WASHINGTON • US lawmakers, fresh off former president Donald Trump’s impeachment acquittal, are calling for a bipartisan commission to investigate the administrative and law enforcement failures that led to the Jan 6 mob attack on the Capitol and recommend changes to prevent another siege.
Such a commission appears to be the primary remaining option for Congress to hold Mr Trump to account for his role in the assault.
Top lawmakers have quashed the idea of a post-impeachment censure of the former president, and the possibility of barring him from future office seems remote.
Lawmakers in both parties have called for a commission modelled on the bipartisan panel set up after the Sept 11, 2001 terrorist attacks.
Democratic Representative Madeleine Dean, an impeachment manager, called it “an impartial commission, not guided by politics, filled with people who would stand up to the courage of their conviction”.
President George W. Bush signed a law setting up the 9/11 Commission in 2002, to probe what caused the attack, what might have stopped it, and outline how to prevent a similar attack.
After a 20-month investigation, the commission offered three dozen recommendations to reshape intelligence coordination and congressional oversight.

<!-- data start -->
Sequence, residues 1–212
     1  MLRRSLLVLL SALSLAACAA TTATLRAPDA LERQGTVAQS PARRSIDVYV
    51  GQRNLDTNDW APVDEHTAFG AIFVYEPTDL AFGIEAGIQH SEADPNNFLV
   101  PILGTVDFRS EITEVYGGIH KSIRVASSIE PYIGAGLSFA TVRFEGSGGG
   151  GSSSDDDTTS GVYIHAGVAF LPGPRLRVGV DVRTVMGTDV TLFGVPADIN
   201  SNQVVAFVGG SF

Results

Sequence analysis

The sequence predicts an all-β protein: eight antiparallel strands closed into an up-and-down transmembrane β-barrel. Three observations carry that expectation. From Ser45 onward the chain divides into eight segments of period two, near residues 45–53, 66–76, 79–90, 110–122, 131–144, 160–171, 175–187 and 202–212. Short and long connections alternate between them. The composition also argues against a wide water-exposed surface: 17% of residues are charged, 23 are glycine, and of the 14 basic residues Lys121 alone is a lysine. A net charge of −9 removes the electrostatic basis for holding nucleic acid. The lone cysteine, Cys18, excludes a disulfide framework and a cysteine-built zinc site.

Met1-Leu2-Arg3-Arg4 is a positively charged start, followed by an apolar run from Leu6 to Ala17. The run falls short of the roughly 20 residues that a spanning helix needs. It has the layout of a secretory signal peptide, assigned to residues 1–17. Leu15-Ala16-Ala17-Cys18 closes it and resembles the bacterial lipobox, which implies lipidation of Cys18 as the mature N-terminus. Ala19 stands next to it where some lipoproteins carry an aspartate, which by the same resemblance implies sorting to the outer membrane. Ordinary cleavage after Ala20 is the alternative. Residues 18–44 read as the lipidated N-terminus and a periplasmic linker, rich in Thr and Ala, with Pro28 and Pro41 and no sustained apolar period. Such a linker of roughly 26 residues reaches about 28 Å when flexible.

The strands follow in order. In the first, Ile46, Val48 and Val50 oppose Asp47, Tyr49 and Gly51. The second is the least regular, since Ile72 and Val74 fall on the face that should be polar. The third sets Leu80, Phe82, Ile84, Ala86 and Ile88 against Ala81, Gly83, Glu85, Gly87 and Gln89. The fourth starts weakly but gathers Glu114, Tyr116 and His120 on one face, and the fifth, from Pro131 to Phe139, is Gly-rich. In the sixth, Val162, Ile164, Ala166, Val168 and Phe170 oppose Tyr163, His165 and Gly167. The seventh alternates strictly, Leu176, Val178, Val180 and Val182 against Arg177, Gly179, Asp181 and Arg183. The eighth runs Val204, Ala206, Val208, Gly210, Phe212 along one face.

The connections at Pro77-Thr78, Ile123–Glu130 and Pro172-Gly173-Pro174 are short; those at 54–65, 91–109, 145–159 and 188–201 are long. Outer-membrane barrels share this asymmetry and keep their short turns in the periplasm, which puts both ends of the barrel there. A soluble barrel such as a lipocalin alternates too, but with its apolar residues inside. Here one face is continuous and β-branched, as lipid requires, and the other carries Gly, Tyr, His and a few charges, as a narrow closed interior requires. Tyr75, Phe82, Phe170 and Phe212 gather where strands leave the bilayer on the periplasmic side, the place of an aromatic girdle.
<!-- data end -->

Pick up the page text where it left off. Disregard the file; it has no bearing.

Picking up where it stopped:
“We need a 9/11 Commission to find out what happened and make sure it (the Capitol insurrection) never happens again,” Republican Senator Lindsey Graham said.
In the House, rank-and-file lawmakers in both parties have introduced legislation that would establish a commission, with some Democrats proposing a broader examination of the federal government’s response to domestic terrorism and violent extremism.
“We will have an after-action review,” House Speaker Nancy Pelosi told reporters last month. “There will be a commission.”
She has since been briefed repeatedly by retired General Russel Honore, who has been tapped to examine security on Capitol Hill.
Democrats on Sunday framed a possible commission as a way to not only understand the failures that had led to the Capitol breach, but also to underscore the former president’s role in the events.
“There’s still more evidence that the American people need and deserve to hear,” Democratic Senator Chris Coons said.
Before last week’s impeachment proceedings, there had been discussion of a bipartisan censure resolution in lieu of a trial.
But lawmakers abandoned the idea as the trial moved forward, in part because Democrats had demanded stronger language than what Republicans were comfortable with.
Asked about the chances for a resolution aimed at keeping Mr Trump from seeking office again, Senator John Thune, the No. 2 Republican, said: “I don’t think that’ll go anywhere.”
Last Saturday, Ms Pelosi declared such a resolution to be “a slap in the face of the Constitution”, adding: “We censure people for using stationery for the wrong purpose. We don’t censure people for inciting insurrection that kills people in the Capitol.”